Concussions: 4, Head Traumas: 3, Doctors Visits: 0

Which brings us to 2011. On a weekend retreat with some old university buddies, we took the boat out for some tubing. The object of the game: get the guy to fall off the tube. I went first. The spotter tells me that I flew a good two boat lengths off the tube before the back of my head smacked into the water. It took them thirty seconds to get to me and by then I had come to. The last thing I remember before blackness was the feeling of something like a two by four hitting the back of my head. The first thing I remember after being dragged into the boat was that “detached feeling”. Oh, and the nausea. And confusion. And how everything hurt from the inside out. My friend Sean drove me the 45 minutes to the hospital.

Concussions: 5, Head Traumas: 3, Doctors Visits: 1

I was off work for three months. My supervisor told me that my performance was sub-par, even six months after the accident. I went to see a chiropractic neurologist – the same type of doctor who worked with Sydney Crosby after his concussions. A year after the accident the “detached feeling” finally left me. What it left behind was a damaged brain I could no longer trust.

My memory turned to shit but has improved a bit since. If I can get things into my long term memory I’m fine but my working memory is trash. It’s likely due to a combination of copious amounts of alcohol, various herbal abuses, head trauma, and being in the fortunate position of getting older. A friend who is a neuropsychologist and told me that I needn’t worry about long term illness like chronic traumatic encephalopathy (the dementia-like degenerative disease many football players get) but there’s a question that’s always in the back of my mind whenever I’m having a mental lapse. What if this feeling of being lost and confused doesn’t go away?

As if suffering from anxiety and panic wasn’t enough under normal circumstances I have my doctor saying things like, “Please don’t hit your head again. The next hit could kill you”. She doesn’t say it to terrify me into being ultra-cautious, she says it so I understand the gravity of the situation. The brain is fragile and really doesn’t like being smacked around once, let alone repeatedly.

It’s been more than four years since that sunny day on the lake. Before then, outside of the concussions and head traumas, I could count on one hand the number of really bad headaches I had experienced. Now? I can’t count them on one hand, but certainly I don’t need all my toes to add up the number of days I’ve gone without a headache. Just now I’m coming off one that almost kept me away from work. It lasted more than seventeen hours.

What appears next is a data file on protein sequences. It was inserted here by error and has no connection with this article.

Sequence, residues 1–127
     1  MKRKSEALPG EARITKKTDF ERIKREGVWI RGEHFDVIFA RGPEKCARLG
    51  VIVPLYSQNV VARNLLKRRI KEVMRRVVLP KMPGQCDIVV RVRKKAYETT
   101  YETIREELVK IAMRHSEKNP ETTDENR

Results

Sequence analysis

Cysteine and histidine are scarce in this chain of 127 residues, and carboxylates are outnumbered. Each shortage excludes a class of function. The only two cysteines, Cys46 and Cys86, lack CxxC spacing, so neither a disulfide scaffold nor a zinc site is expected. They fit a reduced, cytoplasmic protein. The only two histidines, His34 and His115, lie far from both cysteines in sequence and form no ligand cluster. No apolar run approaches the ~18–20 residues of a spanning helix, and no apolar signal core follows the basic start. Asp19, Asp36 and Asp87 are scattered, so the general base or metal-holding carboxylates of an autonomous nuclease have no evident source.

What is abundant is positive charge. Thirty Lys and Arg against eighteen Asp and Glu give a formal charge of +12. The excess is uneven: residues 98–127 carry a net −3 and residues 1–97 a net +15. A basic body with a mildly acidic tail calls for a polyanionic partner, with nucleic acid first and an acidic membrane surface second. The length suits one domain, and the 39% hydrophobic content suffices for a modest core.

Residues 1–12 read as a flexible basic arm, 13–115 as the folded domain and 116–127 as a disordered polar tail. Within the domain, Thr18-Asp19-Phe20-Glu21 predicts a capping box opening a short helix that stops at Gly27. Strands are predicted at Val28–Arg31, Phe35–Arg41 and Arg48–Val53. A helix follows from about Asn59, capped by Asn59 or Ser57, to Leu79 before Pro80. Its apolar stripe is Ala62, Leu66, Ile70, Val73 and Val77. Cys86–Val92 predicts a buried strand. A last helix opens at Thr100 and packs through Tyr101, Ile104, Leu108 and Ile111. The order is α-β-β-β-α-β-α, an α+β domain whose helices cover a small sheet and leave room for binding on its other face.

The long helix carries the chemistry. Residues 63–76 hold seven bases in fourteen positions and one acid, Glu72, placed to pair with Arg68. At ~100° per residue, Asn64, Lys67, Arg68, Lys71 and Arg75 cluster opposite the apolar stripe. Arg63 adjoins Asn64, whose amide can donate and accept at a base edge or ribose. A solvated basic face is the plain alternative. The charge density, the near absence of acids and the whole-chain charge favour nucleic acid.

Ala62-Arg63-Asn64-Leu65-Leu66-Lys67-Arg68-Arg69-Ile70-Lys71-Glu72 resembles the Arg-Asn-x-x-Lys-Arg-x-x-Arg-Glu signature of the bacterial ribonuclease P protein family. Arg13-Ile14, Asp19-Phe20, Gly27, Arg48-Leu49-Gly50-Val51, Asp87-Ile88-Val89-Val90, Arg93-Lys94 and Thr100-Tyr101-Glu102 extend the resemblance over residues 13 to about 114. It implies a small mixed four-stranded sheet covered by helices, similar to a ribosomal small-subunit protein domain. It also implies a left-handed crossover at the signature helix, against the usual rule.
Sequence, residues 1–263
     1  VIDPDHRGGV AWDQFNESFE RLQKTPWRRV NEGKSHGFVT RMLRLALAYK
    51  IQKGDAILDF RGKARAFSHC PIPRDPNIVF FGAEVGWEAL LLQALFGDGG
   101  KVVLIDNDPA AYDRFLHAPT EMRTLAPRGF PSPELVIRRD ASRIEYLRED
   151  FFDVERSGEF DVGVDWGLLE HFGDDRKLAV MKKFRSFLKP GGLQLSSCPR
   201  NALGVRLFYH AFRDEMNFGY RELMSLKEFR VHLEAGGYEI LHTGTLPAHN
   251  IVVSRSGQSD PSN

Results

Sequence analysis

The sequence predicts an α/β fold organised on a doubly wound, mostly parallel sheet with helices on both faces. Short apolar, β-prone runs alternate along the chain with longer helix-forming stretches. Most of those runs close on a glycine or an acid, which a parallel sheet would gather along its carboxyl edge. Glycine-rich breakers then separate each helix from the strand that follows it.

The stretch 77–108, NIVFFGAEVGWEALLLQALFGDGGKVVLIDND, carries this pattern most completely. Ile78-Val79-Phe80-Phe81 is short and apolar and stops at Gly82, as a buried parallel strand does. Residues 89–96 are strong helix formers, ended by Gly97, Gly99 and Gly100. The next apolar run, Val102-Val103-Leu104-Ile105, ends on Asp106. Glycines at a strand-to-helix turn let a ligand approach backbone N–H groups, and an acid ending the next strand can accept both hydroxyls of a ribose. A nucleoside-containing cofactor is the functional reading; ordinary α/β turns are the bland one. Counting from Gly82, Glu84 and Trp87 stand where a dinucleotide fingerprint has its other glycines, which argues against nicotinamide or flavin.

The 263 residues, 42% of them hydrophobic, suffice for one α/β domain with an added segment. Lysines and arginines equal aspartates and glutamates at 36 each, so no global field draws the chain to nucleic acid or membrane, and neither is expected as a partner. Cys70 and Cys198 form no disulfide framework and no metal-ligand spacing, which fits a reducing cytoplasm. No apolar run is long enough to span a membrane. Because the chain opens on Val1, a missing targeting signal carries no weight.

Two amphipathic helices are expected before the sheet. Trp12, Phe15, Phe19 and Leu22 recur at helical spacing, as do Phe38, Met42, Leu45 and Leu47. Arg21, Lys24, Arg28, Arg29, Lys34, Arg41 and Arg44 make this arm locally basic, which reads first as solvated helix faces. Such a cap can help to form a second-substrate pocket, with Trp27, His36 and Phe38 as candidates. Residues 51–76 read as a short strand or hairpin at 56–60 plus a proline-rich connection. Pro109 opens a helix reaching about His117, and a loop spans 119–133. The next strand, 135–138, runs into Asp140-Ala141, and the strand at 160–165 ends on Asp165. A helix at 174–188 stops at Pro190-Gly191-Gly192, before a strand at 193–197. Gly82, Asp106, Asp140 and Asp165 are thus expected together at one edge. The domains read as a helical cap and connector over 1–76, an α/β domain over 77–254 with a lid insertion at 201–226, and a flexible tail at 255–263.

“You look fine to me.”
“Your memory seems good.”
“You don’t look like you’re in pain.”

Comments I’ve had to face having no way to clearly articulate what’s going on inside my head every day. So, I talk about it. Unlike the panic and the anxiety I’ve talked about it – a lot. Anything to get people to understand even a little bit what it’s like to have a brain that doesn’t work. Why am I so insistent on a particular routine? Because then I don’t have to remember. Why do I need white noise or a fan on all the time? Because my ears won’t stop ringing. Why do I need to keep my pills in one of those days of the week containers? Because I got tired of standing in the kitchen with the bottle in my hand wondering if I’d taken them or not.

Why do I need the pills in the first place? Because I can’t sleep, but that’s another story.

00-Preferred-Profile-PicAndrew is a 40-something married father of two living in Cambridge, Ontario. He will tell you that his first published work was Losing Vern as part of the Orange Karen: A Tribute to a Warrior anthology but in reality it was a 500-word anecdote about how he accidentally lit himself on fire that made it into the third installment of the Darwin Awards books.

Fire is not the only foe for Andrew as he has received four severe concussions and four “minor” ones, the last coming in the summer of 2011. It goes without saying that he is totally on board with head protection and brain health. He also advocates for LGBTQ++ and is a firm believer in equal rights for all members of society.

Andrew sometimes lets his love of attention override common sense. Evidence of this can be found at

Andrew can also be found on his blog, Facebook and Twitter